Since you have conflicting goals for your breasts, it will be difficult to fulfill all desires. You have to decide what goals are more important for you and make certain sacrifices while making decisions.

If you give more importance to maintaining strength and integrity of your chest muscles, and want to avoid animation deformity, then over the muscle is a better option.

If you do not want to feel the implants, want a natural slope without roundness, without the accelerated process of breast tissue wasting and sagging, then under the muscle is a better option. From my surgical experience, majority of the athletes, bikini-models, body-builders go for the under the muscle implant placement because they want the natural slope even though there is risk of animation deformity and slight decrease in muscle strength.

An alternative option to this would be to have over the muscle implant placement with anatomical implants coupled with fat grafting to provide appropriate breast tissue coverage.

It is important that you communicate your goals very clearly, but understand that you need to have realistic expectations.

Please seek an in-person consultation with a board-certified plastic surgeon and share your full concerns, desires, and expectations.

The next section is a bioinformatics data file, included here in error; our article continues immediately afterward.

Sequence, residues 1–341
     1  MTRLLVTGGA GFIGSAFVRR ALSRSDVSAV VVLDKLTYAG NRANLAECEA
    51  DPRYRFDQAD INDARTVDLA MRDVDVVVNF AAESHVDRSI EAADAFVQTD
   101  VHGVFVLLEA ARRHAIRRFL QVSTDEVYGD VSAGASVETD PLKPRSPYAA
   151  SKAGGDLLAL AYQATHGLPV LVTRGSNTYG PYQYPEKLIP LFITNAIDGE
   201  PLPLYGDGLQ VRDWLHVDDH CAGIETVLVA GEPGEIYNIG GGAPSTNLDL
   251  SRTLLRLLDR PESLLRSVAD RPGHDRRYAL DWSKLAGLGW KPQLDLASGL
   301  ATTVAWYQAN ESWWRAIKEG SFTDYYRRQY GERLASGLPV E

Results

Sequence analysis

Hope this helps, and best of luck!

Toronto Plastic Surgeon
4.9 out of 5 stars 469 reviews

There is no no argument for subglandular

There are many advantages to sub muscular dual plane placement and very many disadvantages to sub glandular placement. I would see no indication to do anything but sub muscular.  This can be best accomplished with the armpit approach. The most sophisticated approach to breast augmentation is through the armpit with a surgical camera (transaxillary endoscopic). Using this modern approach the space can be crafted under direct vision, with virtually no bleeding and no postoperative bruising. Most importantly, the shape of the breast is meticulously created. The other, older methods of insertion are technologically less advanced. Both silicone and saline implants can be placed through the armpit by a surgeon with skill and experience using this approach. The incision in the crease is the oldest method of placing the implants and puts a scar directly on the breast. Subglandular silicone implant placement is the historical approach to this surgery, and was widely used in the 1960's. The implant edges are more visible, the risk of rippling is higher, the implant is in contact with the non-sterile breast tissue so the risk of infection and capsular contracture is higher. The interface between the breast tissue and the muscle is blurred so the implant interferes with mammography more than sub muscular placement. The blood supply surrounding the implant is worse so the risk of capsular contracture is higher. The support for the implant is less so there is more long term shape abnormalities and sagging. The look of a sub glandular implant is much less appealing than a sub muscular implant. The placement of sub glandular implants makes any subsequent revision surgeries more complicated and less successful. There are no advantages to sub glandular implant placement.

Gary Lawton, MD, FACS
San Antonio Plastic Surgeon
4.9 out of 5 stars 136 reviews

Implant Placement - Under or over the muscle?